raising new or additional capital the amount required for
these annual allotments is bought in the market.

To induce the employees to save the withdrawable half of
the bonus they have the option of leaving it at interest
4 per cent, up to 20, and 3 per cent, over 20 in the
Company's hands, but withdrawable at any time on a week's
notice, or they can invest it in stock. As stated in the paper,
a very large proportion of this part of the bonus is saved.

The agreements are an important part of the system, for
by their means discrimination is exercised. This is essential
to success. If a profit-sharing bonus is given indis-
criminately to all workmen, good, bad and indifferent, it
may very soon lose its effect as a stimulus to good work.
Workmen who are careless and indifferent about their work
are therefore told when their agreement expires that it will
not be renewed until they show more interest in their work,
and that they can apply again in three months. If they
have improved, an agreement for perhaps three months is
given, to be renewed if they continue to work satisfactorily.
This system of agreements giving security for twelve months'
work is greatly valued by the regular workmen, while those
employed in the winter only have agreements for shorter
terms, thus bringing them also into the partnership. The
granting or refusing agreements is not left to any subordinate
official or foreman, but all must come before the chief.

The question was asked at the meeting, Where does the
money come from to pay the bonus ? which last year
amounted to 25,660 in the case of the South Metropolitan

i 2


It is undoubtedly produced by the better working of the
employees generally. This is proved by a comparison with
the wages accounts of companies where the system is not in
force, the rates of wages being the same, but the cost per
ton of coal handled is considerably less.

The system is, therefore, beneficial to both employer and
employed. It was introduced with the double object of attach-
ing the men to the Company and of enabling them to improve
their position in life. If the bonus were distributed annually
in cash nearly all would be spent and little permanent good
would result to the workmen ; their interest in the partner-
ship would gradually weaken and in time disappear. The
partnership was made complete in 1898, when the two work-
men directors were elected by the shareholding workmen.
They share equally with the other directors in the control of
the Company, with credit to themselves and to the general
advantage. The workmen have responded in the right spirit,
and have shown themselves to be quite ready and willing to
accept losses. Twice since 1889 has the price of gas been
considerably increased, necessitated by the great rise in the
price of coal. Consequently in 1892 the bonus fell from 5 to
3 per cent., and in 1900 it dropped from 9 per cent, to
nothing, and started again at 3J per cent, in 1901, rising
to 7i in 1902. The men accepted the position cheerfully ;
they knew the cause, and maintained their confidence in
their employers, and relaxed none of their interest in the
Company, hoping for a return of prosperity.

The Crystal Palace District Gas Company adopted a
profit-sharing system in 1894 on the same principle as that
of the South Metropolitan Company, and with equal success.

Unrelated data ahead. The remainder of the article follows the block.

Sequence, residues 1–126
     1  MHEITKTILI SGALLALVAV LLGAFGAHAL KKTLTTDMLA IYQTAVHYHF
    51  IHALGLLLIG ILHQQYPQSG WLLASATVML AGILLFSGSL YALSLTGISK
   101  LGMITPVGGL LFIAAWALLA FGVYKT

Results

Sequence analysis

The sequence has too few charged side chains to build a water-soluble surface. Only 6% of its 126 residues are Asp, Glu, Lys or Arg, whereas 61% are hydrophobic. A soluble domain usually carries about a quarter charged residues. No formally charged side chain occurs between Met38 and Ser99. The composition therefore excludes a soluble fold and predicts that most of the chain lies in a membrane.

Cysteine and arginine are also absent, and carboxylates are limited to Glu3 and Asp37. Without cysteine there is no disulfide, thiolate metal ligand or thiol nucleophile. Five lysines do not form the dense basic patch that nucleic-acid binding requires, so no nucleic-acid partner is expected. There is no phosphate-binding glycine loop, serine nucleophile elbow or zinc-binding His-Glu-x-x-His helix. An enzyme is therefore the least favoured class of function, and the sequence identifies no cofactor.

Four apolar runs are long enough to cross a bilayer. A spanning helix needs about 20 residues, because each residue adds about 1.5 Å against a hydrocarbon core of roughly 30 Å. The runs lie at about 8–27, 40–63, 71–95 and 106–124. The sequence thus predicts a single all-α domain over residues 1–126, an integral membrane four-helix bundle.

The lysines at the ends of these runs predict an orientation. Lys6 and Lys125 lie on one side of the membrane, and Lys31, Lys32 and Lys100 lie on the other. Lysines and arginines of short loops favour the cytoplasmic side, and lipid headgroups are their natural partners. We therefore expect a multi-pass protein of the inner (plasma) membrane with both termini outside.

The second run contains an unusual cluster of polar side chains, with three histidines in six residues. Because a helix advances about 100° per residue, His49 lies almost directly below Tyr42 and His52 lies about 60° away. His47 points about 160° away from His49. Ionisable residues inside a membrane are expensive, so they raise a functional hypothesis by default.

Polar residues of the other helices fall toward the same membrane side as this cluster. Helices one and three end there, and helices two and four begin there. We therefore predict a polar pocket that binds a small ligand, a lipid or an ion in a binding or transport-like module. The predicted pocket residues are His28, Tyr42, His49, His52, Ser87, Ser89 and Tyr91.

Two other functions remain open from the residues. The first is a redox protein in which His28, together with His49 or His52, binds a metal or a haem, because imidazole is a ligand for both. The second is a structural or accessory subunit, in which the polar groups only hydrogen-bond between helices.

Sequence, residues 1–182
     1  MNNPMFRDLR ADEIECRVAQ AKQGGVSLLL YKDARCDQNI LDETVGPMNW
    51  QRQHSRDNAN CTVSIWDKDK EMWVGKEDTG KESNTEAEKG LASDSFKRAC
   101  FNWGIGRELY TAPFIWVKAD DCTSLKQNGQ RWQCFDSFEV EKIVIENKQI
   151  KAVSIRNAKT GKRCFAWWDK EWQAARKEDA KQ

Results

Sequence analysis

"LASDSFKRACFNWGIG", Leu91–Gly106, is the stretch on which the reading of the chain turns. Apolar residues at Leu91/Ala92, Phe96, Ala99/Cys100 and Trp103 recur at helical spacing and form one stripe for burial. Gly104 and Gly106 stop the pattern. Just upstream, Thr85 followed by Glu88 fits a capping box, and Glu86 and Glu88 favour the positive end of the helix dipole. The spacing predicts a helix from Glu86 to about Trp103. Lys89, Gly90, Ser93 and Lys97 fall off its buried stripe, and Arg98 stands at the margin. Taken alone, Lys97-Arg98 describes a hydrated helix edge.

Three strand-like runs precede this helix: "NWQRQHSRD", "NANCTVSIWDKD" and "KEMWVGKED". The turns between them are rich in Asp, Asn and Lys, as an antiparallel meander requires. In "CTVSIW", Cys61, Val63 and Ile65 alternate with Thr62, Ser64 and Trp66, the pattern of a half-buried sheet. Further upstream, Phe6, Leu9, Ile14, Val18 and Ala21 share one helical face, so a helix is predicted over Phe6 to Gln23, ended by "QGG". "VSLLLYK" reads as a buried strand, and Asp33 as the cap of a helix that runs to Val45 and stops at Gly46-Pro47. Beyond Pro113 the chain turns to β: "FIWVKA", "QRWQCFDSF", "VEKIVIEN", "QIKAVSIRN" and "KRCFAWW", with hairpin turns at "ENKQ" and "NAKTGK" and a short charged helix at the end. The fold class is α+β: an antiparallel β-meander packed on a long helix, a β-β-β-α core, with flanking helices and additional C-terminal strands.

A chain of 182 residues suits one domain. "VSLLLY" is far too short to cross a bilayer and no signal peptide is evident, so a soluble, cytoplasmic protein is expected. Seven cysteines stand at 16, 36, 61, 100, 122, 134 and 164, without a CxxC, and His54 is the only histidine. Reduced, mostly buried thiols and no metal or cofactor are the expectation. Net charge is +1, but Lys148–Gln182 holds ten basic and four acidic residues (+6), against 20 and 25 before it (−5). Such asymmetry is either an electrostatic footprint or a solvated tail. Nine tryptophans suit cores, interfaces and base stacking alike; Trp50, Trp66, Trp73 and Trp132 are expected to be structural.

Rather more than 500 employees are participators, and now
possess in the ordinary stock of the Company and on deposit
at interest over 16,000, or an average of more than 30 per
man, the accumulations of nine years. They, like the South
Metropolitan men, have had good and bad times, and have
taken the latter quite as well as their neighbours, but the


consummation of workmen directors will not be reached until
next year. At the Commercial Gas Company of London a
start was only made in 1901, on identical lines, when an
immediate and striking change took place in the bearing and
conduct of the workmen towards the management, and every
thing promises as well as at the other two Companies.

There is, in fact, no reason but want of will why this
system of co-partnership of shareholders, employees, and
consumers should not be extended to every Gas Company in
the kingdom. If there were the will why should not the
principle, modified to meet varying conditions and circum-
stances, be adapted to a multitude of industries sadly in
need of such a bond of union and strength ?

G. L.




DUBING the past winter general attention was once more
attracted to the 'problem of the unemployed.' Reflection
and inquiry have recently shown, as they always do show, that
the causes of the evil are complex and far-reaching; that
there is no one remedy easy of application. Former experience
warns us that with this disappointing conviction public
interest is likely to flag, and the subject to be neglected, till
the next hard winter or industrial depression brings it again
to the fore. Yet no one can say that the state of things
exhibited by the ' unemployed ' of last winter is inevitable.
On the contrary, the evil is in its nature curable. Because
its cure is complex, slow, and difficult, it is none the less
incumbent upon all patriotic men and women to set it on
foot and further it.

It is the purpose of this paper to isolate and consider one
of the well-recognised causes which produce * lack of employ-
ment ' namely, Lack of Technical Skill, and to advocate as
a remedy for this the revival in a modified form of the old
system of apprenticeship.

The remedy is no new idea ; it has many and more
weighty advocates ; and yet it remains untried. We do not
think this is because its opponents hold the field, even though
they include some well-known economists. We think, rather,
it is because the subject, important as it is, has not yet
received sufficient attention. The economists alluded to fail


to consider it in all its bearings, but condemn it on too slight
a hearing. The general public overlook it.

Apprenticeship was given a bad name and hanged by